Two main dimensions at the top and various aspects of how the five levels manifest themselves. For example, says Kaufman, “neuroticism has an emotional aspect of withdrawal and volatility. The introversion/extraversion dimension has this enthusiasm and a general form of assertiveness.” And underneath them, there are even more finely differentiated elements. For example, “under assertiveness, we may be assertive in some settings and not in others,” it's situational.

Highlighting represents how:

  • Most of the stability aspect of personality are driven by serotonin#, the lighter circles in the image above
  • The bolder circles denote traits driven by dopamine#

We know dopamine as “the sex, drugs, and rock'n roll molecule,” but that is incorrect, says Kaufman:

Dopamine is not about pleasure in itself. It doesn't guarantee that you will enjoy anything. All that it guarantees is that you'll be excited by the possibility of it. Dopamine increases your sensitivity to the reward value of information

Those who are really high on extraversion have a very quick trigger mechanism for the reward system when it comes to potential rewards in their environment. We are talking about evolutionary-driven ancestral rewards… things like social attention, social status, money, sexual opportunities… food quantity.


Introversion is a preference for quiet, for being reserved, being more cautious about your environment. But there is a second major pathway discovered in the brain in recent years, also a dopamine pathway, which is not tied to ancestral rewards.

We share this ancestral rewards dimension with other animals. A second reward system is associated with the potential reward value of information. This means we can become excited about the potential reward value of understanding things. Gaining information is a reward potential that has developed in humans, says Kaufman.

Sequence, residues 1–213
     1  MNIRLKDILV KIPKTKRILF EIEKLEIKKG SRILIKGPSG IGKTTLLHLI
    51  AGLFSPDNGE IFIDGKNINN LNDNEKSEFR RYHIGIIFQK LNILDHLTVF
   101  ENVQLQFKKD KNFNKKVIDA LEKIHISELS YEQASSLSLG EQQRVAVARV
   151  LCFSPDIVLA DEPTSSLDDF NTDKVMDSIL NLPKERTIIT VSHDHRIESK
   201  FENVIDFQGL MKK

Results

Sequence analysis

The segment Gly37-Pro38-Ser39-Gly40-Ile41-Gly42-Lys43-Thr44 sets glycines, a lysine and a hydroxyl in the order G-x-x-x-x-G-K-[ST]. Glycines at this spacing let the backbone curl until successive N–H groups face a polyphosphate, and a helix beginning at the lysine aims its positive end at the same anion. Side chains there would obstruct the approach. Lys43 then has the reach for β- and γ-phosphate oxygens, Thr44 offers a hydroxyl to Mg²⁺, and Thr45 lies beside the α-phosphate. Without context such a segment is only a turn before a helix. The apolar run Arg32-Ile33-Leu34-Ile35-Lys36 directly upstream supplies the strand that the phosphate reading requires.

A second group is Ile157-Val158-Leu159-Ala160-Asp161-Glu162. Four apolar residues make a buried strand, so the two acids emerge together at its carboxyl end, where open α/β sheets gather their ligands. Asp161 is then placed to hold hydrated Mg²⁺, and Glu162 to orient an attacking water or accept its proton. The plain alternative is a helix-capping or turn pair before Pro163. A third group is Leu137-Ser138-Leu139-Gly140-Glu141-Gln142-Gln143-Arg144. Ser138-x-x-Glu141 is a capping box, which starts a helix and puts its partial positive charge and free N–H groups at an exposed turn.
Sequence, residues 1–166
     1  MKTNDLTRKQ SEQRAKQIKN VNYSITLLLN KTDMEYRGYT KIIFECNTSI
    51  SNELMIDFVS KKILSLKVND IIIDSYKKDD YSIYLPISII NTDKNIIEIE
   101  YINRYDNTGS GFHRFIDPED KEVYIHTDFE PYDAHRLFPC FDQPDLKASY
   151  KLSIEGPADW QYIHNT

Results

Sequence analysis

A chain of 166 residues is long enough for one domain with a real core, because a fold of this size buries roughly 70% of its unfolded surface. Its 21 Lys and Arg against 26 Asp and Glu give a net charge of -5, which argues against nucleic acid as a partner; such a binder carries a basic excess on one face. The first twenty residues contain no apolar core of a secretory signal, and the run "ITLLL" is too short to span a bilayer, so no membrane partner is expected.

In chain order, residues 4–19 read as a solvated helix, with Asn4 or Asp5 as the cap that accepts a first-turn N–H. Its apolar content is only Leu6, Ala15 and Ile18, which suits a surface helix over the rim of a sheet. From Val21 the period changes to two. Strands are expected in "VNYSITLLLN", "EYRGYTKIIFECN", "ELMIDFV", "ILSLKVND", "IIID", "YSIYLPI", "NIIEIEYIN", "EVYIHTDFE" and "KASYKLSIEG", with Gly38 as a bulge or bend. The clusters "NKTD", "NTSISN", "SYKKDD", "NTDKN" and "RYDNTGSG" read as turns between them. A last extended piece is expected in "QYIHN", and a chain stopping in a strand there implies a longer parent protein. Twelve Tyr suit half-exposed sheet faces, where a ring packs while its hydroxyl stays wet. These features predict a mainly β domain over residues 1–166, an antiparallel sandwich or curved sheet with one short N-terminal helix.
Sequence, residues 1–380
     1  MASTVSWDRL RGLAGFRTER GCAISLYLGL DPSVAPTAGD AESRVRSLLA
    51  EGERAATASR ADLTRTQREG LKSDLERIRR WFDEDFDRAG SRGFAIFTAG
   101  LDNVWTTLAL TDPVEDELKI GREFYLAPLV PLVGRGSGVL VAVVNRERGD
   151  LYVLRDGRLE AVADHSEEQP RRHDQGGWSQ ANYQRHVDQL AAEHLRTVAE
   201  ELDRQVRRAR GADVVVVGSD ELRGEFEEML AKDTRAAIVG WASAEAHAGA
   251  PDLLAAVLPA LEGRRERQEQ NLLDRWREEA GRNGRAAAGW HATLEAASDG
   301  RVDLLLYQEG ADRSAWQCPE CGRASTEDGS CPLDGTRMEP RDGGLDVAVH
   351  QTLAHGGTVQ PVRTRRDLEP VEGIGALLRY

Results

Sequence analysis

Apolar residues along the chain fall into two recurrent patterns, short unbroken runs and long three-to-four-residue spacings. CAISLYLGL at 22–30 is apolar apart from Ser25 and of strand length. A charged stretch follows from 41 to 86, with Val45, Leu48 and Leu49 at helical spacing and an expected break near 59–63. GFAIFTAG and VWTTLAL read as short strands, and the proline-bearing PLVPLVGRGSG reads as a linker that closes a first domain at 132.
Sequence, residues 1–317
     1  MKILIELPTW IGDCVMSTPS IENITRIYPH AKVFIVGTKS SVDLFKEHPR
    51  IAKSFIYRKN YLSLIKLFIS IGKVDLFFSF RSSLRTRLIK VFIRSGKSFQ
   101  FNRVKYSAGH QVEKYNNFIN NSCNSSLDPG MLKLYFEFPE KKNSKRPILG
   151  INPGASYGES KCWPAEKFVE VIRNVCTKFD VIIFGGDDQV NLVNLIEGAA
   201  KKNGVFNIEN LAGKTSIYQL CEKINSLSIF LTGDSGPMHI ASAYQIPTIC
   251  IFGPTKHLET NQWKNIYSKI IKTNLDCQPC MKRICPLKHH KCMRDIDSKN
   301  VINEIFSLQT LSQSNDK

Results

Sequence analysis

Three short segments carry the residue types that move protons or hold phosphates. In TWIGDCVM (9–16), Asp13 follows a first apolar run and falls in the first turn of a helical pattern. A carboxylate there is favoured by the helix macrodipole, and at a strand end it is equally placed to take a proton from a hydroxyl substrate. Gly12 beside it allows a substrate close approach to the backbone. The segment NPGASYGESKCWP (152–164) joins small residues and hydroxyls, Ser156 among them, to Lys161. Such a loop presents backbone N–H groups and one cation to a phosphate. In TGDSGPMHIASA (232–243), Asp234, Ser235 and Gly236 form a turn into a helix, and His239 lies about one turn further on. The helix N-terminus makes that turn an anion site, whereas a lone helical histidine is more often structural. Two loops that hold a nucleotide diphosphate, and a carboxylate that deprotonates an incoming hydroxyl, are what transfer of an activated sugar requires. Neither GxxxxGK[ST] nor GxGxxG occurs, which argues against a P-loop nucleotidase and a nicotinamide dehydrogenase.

Our “Imagination Network” is active when we turn our limited spotlight of attention inward, when we reflect deeply on things rather rather than jumping to conclusions. Our ability to imagine our future is also associated with our ability to imagine what it's like for others — compassion.

Imagination Network

Poets, writers, anyone who spends time alone thinking and understanding information can reap benefits from the Imagination Network. Kaufman says we often label shyness as introversion incorrectly. Shyness comes from the neuroticism aspect of personality. It could apply to introverts and extraverts. Another misconception is that introverts don't like people. That's part of the agreeableness dimension of personality.

It is the nature of the reward value system that drives our personality traits and what interests us.

Watch the full lecture below.

Dr. Scott Barry Kaufman, Scientific Director at the Imagination Institute, University of Pennsylvania from Quiet on Vimeo.

 For a more in depth understanding of introversion, I recommend Susain Cain's Quiet: The Power of Introverts in a World That Can't Stop Talking.


[* Dr. Kaufman has also conducted research on the origins of the spelling for this word.]